Portland Port is a thriving commercial port on the Royal (due to its maritime importance to the Crown) Manor of Portland, and as is so close to the English Channel shipping lanes, is a perfect location for vessels of all sizes.
Since ancient times, the area has provided a haven for shipping. The Romans valued it and the Vikings even made their first raids of the mainland from here in 789!
The coastline however was notorious for shipwrecks and, long before it was built, needed a breakwater to form a proper harbour.
The breakwater and its major defence works were eventually designed by James Meadows Rendel, and consisted of a huge timber staging screwed into the seabed. It supported five railway lines for quarrying, and needed to withstand strong storms as it advanced 2 miles into heaving seas.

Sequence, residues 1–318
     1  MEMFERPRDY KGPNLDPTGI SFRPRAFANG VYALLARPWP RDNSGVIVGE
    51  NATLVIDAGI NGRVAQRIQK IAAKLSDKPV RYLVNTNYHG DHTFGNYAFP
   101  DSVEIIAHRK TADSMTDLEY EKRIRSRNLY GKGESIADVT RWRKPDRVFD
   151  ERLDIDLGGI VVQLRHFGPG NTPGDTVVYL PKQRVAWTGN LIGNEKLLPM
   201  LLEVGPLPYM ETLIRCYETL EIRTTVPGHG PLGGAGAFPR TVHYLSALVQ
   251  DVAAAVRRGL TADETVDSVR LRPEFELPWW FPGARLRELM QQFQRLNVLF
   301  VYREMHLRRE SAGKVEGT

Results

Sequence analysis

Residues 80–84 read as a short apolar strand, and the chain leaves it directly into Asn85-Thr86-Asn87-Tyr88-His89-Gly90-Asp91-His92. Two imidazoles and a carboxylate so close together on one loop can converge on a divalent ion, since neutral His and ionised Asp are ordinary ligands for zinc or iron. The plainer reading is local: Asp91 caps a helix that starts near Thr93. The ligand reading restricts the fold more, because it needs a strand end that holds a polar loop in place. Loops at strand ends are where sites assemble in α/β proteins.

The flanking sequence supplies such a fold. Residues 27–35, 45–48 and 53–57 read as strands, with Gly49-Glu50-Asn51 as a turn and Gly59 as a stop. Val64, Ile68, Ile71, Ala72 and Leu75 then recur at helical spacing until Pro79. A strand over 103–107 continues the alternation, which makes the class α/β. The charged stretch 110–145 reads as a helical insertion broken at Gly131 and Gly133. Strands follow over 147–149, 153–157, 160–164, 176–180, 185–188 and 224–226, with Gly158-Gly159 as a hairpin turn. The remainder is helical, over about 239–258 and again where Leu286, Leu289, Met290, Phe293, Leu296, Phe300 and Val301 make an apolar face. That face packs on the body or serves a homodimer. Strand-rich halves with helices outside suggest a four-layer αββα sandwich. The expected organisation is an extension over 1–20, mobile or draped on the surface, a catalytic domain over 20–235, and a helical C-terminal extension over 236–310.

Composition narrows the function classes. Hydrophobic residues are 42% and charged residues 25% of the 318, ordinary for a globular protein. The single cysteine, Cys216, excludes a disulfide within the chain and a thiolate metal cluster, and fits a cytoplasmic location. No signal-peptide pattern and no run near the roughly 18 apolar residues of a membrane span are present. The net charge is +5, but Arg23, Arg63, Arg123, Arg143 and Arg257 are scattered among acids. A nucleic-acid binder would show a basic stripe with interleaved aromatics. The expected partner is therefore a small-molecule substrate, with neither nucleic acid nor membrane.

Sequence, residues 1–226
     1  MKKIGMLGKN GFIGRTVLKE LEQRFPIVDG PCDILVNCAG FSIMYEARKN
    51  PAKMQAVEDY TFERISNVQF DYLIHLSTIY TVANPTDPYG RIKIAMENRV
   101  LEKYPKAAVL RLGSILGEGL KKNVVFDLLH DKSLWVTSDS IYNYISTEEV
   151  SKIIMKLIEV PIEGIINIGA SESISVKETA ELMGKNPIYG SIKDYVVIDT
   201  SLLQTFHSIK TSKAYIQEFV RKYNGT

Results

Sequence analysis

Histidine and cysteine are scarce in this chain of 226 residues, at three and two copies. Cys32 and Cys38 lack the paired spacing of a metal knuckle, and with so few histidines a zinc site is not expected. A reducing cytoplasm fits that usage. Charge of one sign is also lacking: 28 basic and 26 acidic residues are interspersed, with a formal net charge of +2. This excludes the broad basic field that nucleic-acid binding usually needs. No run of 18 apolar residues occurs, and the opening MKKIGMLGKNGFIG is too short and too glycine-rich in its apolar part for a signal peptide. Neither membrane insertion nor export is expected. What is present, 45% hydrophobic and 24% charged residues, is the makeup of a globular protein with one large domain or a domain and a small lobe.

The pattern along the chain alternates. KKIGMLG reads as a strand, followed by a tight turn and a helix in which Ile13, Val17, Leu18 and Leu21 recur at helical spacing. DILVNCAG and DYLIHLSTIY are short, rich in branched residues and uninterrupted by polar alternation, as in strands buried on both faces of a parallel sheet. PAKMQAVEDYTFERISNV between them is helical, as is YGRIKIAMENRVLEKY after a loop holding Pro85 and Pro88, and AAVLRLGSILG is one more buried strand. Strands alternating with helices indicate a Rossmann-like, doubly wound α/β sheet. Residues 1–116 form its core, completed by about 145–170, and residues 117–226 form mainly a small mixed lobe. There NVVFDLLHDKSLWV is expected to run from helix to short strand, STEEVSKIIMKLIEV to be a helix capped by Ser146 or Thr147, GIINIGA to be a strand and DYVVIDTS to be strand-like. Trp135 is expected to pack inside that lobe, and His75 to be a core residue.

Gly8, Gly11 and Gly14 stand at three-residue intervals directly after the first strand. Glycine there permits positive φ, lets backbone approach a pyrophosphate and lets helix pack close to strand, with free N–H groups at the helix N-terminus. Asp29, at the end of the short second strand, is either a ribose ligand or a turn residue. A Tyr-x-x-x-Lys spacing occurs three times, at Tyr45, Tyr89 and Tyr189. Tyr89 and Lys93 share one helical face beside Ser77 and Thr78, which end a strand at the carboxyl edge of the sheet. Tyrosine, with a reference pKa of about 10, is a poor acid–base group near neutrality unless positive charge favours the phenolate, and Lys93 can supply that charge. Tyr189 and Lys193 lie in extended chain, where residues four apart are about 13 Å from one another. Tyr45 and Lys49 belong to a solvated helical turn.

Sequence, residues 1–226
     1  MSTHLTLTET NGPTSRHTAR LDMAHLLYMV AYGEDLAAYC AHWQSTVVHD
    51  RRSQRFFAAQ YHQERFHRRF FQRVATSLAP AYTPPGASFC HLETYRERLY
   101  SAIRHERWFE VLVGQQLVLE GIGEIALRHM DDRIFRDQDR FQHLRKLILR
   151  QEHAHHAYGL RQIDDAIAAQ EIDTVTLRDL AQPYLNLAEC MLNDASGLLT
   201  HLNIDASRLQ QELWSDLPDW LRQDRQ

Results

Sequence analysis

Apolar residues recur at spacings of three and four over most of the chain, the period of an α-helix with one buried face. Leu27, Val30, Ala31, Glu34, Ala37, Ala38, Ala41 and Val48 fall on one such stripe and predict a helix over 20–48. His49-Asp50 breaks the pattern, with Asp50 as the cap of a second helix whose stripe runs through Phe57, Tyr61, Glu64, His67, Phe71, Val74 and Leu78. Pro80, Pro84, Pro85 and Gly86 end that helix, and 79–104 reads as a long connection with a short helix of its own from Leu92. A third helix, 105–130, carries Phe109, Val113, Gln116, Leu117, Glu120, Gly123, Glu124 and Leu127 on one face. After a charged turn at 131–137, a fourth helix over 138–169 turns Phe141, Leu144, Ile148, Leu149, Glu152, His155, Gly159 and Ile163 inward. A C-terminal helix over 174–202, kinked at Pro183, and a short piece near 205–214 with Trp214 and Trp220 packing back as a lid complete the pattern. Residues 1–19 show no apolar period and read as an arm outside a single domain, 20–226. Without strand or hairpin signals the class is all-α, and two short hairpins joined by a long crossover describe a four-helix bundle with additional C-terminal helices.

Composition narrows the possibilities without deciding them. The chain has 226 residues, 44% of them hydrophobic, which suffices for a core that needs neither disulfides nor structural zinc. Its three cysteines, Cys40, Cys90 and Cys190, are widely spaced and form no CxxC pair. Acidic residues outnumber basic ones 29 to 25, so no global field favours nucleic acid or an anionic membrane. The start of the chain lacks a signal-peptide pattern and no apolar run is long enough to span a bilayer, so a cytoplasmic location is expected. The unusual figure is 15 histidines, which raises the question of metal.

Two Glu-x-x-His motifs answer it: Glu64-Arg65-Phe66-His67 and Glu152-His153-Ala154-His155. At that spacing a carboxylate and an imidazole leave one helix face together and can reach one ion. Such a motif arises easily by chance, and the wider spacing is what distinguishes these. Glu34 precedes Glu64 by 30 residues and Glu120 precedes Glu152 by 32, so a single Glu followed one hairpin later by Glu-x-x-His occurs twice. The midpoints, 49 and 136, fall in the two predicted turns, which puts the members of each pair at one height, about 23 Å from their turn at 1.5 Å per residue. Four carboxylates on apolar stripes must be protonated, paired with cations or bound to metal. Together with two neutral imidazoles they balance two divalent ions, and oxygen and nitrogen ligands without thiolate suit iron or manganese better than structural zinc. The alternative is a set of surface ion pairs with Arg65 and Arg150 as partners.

Once Prince Albert had laid the first stone in 1849, visitors in Victorian Dorset travelled miles to witness the millions of tonnes being laid, and by the 1860s it was the country's most expensive public project.
The Port and its tenants are now major employers locally. During the recent lockdown, may major Cruise lines used the harbour for maintenance and refits.
To learn more about its history or capabilities, you can visit their page at https://portland-port.co.uk/port-capabilities